by | 11.17.2010 | 12:46am
By Ray Paulick

Bob Evans, president and chief executive officer of Churchill Downs Inc., said during a Friday morning press conference at the company's flagship track in Louisville, Ky., that the CDI board of directors discussed the possibility of reducing the field size of the Kentucky Derby during a regularly scheduled meeting in New Orleans last week.

The Derby's maximum field size of 20 is under scrutiny in the wake of the death of the filly Eight Belles in last year's Derby, even though her fatal injuries occurred after the finish and apparently were unrelated to the number of runners or trouble she may have encountered in the race. The Derby traditionally has the largest field of any race in the United States. No Derby starter has fallen during the running of the race since 1970, when Holy Land clipped heels and fell going into the far turn.

By contrast, Breeders' Cup fields are limited to 14 starters.

Maximum field size of 14 horses and the prohibition of fillies running against males were considerations in an original discussion document circulated by the National Thoroughbred Racing Association to industry leaders who formed what ultimately came to be known as the NTRA Safety and Integrity Alliance.

Field size or sex limitations were not part of the final recommendations of the NTRA Safety and Integrity Alliance Pledge, which can be viewed by clicking here.

Evans said CDI has devoted a great deal of time and resources to examine a wide range of safety issues since the death of Eight Belles and has adopted all of the safety recommendations made by committees formed earlier this year by the Jockey Club and Thoroughbred Owners and Breeders Association.

The CDI board discussed the reduction of the field size, Evans said, though he gave no indication whether a change will be made. “For now, it's the way it's always been,” he said. Nominations to the Triple Crown races, including the Derby, state that the size of the Derby can be “up to 20 horses.”

A reduction in field size might not be greeted favorably by horse owners and trainers who throughout the winter and spring closely follow whether their 3-year-olds are in the leading 20 contenders, based on money earned in graded or group stakes races. Churchill recently announced a marketing agreement with Kempton racecourse in England that will guarantee one spot in the Derby field to the winner of the Kentucky Derby Challenge Stakes, a 1 1/8-mile race on Polytrack, on March 18.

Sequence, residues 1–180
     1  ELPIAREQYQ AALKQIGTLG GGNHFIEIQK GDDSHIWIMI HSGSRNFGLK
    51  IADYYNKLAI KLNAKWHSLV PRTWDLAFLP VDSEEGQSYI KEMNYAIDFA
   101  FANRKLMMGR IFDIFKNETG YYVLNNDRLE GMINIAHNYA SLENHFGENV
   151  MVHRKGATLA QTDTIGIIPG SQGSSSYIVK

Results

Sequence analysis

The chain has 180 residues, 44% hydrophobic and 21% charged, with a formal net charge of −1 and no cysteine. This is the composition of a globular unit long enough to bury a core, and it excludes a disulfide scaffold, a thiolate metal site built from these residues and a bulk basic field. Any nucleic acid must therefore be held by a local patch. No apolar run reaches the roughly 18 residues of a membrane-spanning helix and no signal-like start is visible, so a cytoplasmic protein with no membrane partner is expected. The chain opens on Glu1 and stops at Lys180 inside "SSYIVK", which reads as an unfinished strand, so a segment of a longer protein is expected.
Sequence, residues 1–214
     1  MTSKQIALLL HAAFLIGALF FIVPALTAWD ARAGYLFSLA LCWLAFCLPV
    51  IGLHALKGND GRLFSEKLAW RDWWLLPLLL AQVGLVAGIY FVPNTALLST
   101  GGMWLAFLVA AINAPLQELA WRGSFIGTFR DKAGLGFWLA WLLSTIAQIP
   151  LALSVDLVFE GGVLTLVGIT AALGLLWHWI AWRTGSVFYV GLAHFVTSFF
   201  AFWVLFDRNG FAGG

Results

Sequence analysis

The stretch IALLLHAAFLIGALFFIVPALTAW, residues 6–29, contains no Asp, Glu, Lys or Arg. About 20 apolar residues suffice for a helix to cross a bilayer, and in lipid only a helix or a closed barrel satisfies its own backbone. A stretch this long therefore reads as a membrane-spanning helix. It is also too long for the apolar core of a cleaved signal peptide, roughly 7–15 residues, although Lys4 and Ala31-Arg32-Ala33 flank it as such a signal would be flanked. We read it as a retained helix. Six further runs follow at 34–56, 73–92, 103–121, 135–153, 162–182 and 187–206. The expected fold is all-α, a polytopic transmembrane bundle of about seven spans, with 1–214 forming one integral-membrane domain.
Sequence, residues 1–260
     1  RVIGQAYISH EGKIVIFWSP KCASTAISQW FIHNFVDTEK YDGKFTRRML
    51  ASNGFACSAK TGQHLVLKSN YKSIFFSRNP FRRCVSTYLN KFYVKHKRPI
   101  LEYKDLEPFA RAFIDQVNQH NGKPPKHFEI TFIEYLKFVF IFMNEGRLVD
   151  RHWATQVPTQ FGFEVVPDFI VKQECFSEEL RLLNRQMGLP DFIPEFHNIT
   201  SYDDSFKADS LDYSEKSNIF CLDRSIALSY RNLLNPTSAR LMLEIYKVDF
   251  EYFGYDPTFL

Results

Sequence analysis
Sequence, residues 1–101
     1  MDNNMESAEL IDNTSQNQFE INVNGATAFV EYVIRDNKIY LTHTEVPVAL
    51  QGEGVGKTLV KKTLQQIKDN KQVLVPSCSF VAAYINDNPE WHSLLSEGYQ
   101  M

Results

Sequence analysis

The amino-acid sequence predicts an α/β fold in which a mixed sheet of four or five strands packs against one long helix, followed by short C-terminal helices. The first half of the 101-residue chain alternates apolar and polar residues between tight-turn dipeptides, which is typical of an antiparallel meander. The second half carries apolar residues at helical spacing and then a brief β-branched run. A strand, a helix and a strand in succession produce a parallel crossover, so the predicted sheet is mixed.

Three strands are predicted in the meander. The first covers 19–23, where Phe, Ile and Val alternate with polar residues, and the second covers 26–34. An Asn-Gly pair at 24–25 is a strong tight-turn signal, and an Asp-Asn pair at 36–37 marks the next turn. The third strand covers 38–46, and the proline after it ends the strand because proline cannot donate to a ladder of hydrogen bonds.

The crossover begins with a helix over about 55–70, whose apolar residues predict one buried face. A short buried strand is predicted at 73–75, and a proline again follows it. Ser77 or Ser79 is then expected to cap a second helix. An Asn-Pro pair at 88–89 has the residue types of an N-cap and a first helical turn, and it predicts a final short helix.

Handle on the Derby would also decline in the event of a reduction in the field size. Evans said Churchill has researched Derby handle in relationship to field size but would not say how much handle might fall. A reduction from 20 to 14 starters would also cost Churchill Downs $300,000 in lost entry and starting fees ($25,000 to enter and $25,000 to start).

Evans discussed the Derby field size and other safety measures following a media briefing announcing that Oaks and Derby ticket prices, with a few exceptions, would be frozen in 2009. “Our slowing economy is having a pronounced effect, and many of our customers have been affected in various ways as well,” Evans said. “Although the Kentucky Derby occupies an elite spot in the world of sports and tickets are typically in high demand, we want to keep our price points at the same level to help our customers in this challenging economic climate.” Click here to read more about the ticket price freeze.

The only exceptions will be scheduled price increases in the 30-year personal seat license program, which are coming off a three-year price freeze; some luxury suites and Marquee Village accommodations; and reserved seats in the infield.

Churchill Downs is also offering the opportunity for on-track customers to buy Derby reserved seats in a sweepstakes running each day from tomorrow (Saturday, Nov. 22) through Nov. 29. Individuals whose names are drawn will be eligible to buy two Derby tickets ranging in price from $88 to $207. (Derby tickets range in price from $88 for infield reserved seats to $693 on millionaire's row.) One thousand of the tracks 55,000 seats are being offered in the sweepstakes. For more details, click here.

Copyright © 2008, The Paulick Report

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